A wellness canna-company with roots.

Soul Addict is one of the first woman-owned CBD brands in the market today launching a sun-grown hemp farm to take on the agricultural side of the industry while also continuing to create a meaningful brand. Located in Western North Carolina the first acre of hemp acre is currently growing on our founder’s family farm in the foothills of the Blue Ridge mountains.

Where do you source your CBD products?

We’re all natural and doing it ourselves, babes. As of August 2019 we’re over the moon to share 100% Soul Addict CBD line is sourced from our own organically-grown Hemp Farm located in Connelly Springs, North Carolina.

Unless, that is, we’re supporting our neighboring farming community’s amazing raw Hemp Flower varieties, which we really, really love to do. In that case, we share this on our website on where we source each CBD flower from. 

Where is your farm?

Our farm is located in the foothills of the Blue Ridge Mountains, about a little less than an hour drive away from Asheville, North Carolina. Our founder, Laura, grew up about 10 minutes away and we grow on an adjacent farm that’s been in her family since the 1950s, so it’s a family-owned business as well as being woman-owned. 

Okay, so what does ‘vertically integrated’ mean?

Basically, we believe good agriculture products come from good farms. You can’t have a ‘good & consciously-growing* farm without transparency. You can’t have a transparent farm without doing it yourself. So…yeah, we did it ourselves. 

Before this, we were always on a mission to be a plant-to-bottle (aka: vertically integrated!) CBD company. Vertically integrated simply means we’re growing the hemp mamas, harvesting the hemp mamas and making some seriously *ah-mazing* craft CBD products from our very own hemp mama’ flowers.  

We have been working on becoming a vertically integrated Hemp CBD company & farm since we were one of the very first women-owned CBD companies to receive their license in North Carolina to grow craft female-flowering hemp under the Federal Hemp Pilot Program in 2017. Before we made that goal a reality, we sourced from both our farm and small farms outside of Denver, Colorado.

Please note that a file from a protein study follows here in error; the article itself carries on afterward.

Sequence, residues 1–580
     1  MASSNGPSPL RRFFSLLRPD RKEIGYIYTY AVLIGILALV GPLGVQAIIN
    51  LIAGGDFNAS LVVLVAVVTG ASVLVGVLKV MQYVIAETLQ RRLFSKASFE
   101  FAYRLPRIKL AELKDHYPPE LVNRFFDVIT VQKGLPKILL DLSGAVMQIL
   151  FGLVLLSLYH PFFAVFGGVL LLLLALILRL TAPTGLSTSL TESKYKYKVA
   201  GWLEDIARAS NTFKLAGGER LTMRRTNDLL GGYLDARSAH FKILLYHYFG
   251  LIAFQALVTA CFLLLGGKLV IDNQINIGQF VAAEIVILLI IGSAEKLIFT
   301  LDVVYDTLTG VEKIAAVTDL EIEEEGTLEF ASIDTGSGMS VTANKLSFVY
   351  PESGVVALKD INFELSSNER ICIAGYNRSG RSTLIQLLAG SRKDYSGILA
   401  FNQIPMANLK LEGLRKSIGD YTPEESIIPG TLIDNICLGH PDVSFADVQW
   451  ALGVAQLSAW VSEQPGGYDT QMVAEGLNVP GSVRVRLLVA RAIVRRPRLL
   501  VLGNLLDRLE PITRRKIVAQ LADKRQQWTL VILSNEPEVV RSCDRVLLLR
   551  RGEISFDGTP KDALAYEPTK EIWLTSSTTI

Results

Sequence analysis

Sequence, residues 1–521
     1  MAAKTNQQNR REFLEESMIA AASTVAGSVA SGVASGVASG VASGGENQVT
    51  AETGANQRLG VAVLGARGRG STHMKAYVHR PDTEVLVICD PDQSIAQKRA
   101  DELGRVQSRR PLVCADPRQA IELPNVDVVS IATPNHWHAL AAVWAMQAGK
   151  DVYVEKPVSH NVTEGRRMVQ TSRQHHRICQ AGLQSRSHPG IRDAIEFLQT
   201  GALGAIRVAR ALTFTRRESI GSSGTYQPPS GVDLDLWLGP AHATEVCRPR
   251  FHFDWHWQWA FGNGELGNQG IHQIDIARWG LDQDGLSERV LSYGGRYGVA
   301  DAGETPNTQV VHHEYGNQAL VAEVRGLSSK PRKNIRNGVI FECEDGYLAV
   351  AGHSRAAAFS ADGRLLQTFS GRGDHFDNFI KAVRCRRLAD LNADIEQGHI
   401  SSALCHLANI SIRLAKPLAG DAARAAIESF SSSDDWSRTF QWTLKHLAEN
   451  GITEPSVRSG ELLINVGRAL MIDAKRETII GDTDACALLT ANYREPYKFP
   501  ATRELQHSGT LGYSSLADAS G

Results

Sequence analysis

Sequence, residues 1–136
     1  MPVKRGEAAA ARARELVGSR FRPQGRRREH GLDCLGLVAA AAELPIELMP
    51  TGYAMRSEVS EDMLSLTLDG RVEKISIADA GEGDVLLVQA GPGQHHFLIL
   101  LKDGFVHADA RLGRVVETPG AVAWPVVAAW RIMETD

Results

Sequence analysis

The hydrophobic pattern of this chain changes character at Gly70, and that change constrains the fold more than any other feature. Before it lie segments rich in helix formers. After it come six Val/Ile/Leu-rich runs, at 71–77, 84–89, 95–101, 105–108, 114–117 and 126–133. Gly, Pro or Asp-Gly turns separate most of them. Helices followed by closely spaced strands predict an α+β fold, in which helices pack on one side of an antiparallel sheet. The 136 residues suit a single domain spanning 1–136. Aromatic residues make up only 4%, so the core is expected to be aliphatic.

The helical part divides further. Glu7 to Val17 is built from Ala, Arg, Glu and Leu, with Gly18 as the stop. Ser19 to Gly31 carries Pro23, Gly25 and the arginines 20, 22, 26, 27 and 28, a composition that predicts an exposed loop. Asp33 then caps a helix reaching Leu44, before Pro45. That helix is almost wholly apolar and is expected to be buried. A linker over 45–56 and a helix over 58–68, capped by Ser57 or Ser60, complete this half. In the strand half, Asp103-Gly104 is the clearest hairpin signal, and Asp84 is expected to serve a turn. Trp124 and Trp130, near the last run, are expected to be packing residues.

How many acres of hemp do you grow to be a vertically integrated hemp CBD company?

We find power in staying small. 

Our founder wanted nothing more than to grow hemp on a small scale with consciousness, creating a line of organically-grown CBD that put people’s health and wellness over profit, always. You could say, we keep it small and we like it that way. 

In 2018, our first hemp season we planted a total of 1 acre for our CBD line. Start small, learn the plant. In 2019, we upped that acreage to 5 acres in order to begin wholesaling our premium hemp flower to fellow conscious and woman-owned hemp brands. We plan on our 2020 season being the same or smaller. 


Your grow organically, but does that mean you’re certified? 

The really amazing and very cool thing about growing hemp- is that it’s been legalized for the first time in 50 years very, very recently. The stigma was and still is very real. We have a lot of feelings about that, but that’s for another time. 

This industry is new, like really n-e-w. We are working on gaining our certification for Oregon Tilth for the third time in our 2020 season. The USDA cert is harder to come about given they’re still processing their rules for organic hemp growing practices. 

We have been seeking our organic certification since 2017 (our first year of growing!), but even then most certifiers were either

  1. bombarded with applications + messages from farms who already were certified wanting their cert for their hemp crop so others fell to the wayside OR…
  2. Still in the midst of deciding what growing organic hemp *even means*. 

We have high hopes we’ll receive our organic cert for 2020 hemp season without issues and looking forward to finally, proudly having a certification for something we’re already doing with a ton of intention and consciousness. However, we have realized that as the market has grown very quickly, small farms don’t get first dibs if you’re not already a certified organic farm growing something like lettuce, corn, tomatoes, etc.. That said, we’re hopeful this is our year!